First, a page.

15 of 15 people found the following review helpful
A powerful case for commercial humanism,
This review is from: The Commercial Society: Foundations and Challenges in a Global Age (Studies in Ethics and Economics) (Paperback)Drawing upon ancient and modern sources, "The Commercial Society" is one of those books that remind us that commercial order is about much more than the market economy. Using clear language free of jargon, this prize-winning book (Templeton Enterprise Award 2007) identifies the central moral, legal, and economic foundations of market orders and illustrates why they are indispensable to any society that aspires to the title of free and civilized.
Many have been waiting for such a book for a long time. Not since reading Wilhelm Ropke have I come across a book that articulates such a strong and morally-convincing case for free societies shaped decisively by the dominance of free enterprise and markets, but in a way that escapes the mathematical justifications offered by most contemporary economists.
It is difficult to classify this book as "conservative" or "classical liberal", not least because the author utilizes sources from both traditions, such as Edmund Burke, Adam Smith, Friedrich von Hayek, and Alexis de Tocqueville. It is, in short, a book grounded firmly in various strands of the Western tradition, especially that synthesized in the Scottish Enlightenment, but prefigured by a number of late-medieval and early-modern thinkers, such as Thomas Aquinas. It is refreshing to read a text that is so unambiguously committed to authentic human liberty, but which cannot be boxed so easily in any one intellectual paradigm.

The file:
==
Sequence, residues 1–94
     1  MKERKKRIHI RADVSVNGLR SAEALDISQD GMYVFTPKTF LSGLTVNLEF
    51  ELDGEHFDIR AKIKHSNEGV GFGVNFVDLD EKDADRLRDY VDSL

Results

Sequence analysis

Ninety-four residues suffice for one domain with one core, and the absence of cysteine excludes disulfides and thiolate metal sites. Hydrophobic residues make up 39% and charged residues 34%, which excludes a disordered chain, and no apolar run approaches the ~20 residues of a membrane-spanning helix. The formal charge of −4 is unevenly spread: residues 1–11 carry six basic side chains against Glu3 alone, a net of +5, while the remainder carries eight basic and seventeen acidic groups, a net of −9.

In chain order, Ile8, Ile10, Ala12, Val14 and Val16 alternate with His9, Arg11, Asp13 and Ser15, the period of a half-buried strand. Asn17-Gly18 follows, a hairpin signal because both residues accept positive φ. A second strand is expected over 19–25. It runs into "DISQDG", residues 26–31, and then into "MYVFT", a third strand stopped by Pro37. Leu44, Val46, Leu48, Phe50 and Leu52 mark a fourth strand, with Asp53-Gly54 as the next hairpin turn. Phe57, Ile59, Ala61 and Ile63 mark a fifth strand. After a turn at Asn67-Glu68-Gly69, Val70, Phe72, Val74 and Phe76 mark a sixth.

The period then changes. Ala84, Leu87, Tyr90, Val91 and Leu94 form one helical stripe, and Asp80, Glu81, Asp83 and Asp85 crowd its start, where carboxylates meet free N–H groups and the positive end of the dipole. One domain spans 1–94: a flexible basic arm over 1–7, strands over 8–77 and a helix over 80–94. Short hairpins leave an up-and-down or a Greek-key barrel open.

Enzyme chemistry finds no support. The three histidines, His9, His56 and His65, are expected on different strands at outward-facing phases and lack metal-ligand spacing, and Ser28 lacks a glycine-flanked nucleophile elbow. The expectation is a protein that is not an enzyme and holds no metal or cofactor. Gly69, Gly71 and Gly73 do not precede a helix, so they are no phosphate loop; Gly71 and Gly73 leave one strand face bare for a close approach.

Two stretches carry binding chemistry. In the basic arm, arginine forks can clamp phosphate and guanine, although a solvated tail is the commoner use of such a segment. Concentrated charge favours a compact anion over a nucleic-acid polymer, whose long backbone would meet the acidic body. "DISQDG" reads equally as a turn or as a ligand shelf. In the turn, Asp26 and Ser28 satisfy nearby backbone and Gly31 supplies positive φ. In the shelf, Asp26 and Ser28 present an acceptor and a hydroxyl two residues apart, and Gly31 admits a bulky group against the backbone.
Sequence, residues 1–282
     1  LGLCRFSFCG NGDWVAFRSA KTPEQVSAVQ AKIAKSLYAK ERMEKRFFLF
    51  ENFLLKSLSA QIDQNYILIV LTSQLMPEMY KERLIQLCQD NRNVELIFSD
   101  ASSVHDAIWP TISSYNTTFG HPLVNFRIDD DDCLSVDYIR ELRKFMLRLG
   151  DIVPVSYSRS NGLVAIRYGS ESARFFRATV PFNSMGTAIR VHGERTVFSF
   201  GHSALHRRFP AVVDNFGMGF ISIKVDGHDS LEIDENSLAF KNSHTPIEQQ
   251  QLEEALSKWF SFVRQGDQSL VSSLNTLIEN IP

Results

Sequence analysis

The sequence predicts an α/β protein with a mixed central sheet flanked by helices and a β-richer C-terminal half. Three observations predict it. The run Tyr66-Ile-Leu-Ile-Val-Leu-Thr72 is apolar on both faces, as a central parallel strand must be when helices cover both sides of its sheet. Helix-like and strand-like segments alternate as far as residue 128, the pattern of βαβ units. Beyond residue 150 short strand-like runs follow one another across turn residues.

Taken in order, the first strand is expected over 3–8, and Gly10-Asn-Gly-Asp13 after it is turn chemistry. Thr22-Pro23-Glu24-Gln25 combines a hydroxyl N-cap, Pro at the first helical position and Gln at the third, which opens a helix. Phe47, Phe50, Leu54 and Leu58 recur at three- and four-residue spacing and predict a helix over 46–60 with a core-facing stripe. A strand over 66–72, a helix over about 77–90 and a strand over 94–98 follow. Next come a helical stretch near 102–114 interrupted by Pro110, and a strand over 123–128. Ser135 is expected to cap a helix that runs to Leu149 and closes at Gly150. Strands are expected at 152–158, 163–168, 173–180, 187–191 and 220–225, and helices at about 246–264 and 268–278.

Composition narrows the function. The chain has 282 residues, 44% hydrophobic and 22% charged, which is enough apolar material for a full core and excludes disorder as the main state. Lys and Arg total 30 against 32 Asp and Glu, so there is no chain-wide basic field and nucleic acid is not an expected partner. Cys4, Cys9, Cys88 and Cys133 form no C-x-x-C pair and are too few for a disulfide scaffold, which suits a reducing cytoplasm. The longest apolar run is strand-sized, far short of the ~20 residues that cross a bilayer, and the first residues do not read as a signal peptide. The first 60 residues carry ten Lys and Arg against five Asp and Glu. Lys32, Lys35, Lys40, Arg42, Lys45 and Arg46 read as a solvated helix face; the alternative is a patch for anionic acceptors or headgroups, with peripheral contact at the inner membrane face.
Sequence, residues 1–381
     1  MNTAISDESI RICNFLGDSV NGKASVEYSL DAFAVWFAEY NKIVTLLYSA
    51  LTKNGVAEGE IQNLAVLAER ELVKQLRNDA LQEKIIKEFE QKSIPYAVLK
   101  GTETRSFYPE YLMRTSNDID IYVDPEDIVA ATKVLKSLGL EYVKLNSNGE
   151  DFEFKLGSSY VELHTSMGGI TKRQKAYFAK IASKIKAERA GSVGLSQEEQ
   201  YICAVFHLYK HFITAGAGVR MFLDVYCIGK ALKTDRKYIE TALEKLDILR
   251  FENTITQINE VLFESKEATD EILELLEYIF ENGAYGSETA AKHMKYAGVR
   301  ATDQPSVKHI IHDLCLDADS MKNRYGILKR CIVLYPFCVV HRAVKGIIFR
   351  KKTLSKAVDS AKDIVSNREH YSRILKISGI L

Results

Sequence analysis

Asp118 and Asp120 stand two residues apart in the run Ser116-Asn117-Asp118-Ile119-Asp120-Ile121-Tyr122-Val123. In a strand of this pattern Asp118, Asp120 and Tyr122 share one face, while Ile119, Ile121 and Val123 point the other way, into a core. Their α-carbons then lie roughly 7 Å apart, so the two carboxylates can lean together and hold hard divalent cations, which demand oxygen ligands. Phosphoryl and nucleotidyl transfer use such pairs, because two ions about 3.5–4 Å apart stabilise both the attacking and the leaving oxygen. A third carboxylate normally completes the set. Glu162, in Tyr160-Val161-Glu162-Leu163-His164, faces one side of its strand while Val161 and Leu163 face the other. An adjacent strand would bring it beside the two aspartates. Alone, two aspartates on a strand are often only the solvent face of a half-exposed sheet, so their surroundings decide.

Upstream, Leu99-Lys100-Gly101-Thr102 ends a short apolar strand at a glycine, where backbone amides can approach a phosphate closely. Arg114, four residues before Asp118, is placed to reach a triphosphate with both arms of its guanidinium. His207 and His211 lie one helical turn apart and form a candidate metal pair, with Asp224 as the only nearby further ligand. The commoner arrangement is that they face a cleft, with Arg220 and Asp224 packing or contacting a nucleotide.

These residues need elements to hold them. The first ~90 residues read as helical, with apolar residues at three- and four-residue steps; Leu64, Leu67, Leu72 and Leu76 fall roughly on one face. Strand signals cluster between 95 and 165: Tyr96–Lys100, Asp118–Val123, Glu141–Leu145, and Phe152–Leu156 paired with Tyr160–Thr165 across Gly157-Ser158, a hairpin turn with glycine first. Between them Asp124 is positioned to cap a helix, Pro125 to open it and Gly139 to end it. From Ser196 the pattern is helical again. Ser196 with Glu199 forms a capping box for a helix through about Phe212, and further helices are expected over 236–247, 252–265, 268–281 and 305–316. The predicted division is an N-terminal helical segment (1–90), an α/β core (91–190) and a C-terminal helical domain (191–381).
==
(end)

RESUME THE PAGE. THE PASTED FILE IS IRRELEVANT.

Those inclined to planned economies or socialism will find this book very challenging to their core beliefs. "The Commercial Society", however, does not seek to persuade by hectoring. Nor does it suggest that commercial order contains all the answers to humanity's questions and problems. Rather, it expresses its arguments through logic, by carefully marshaling the facts, and judiciously surveying history. The book closes with a sophisticated discussion of the possibility of building commercial orders as opposed to simply letting them evolve. It is one of the most intriguing discussions I have read of a problem that has puzzled thinkers such as Smith, Montesquieu and Tocqueville - this alone makes the book worth reading.
The Commercial Society: Foundations and Challenges in a Global Age (Studies in Ethics and Economics)(2 customer reviews)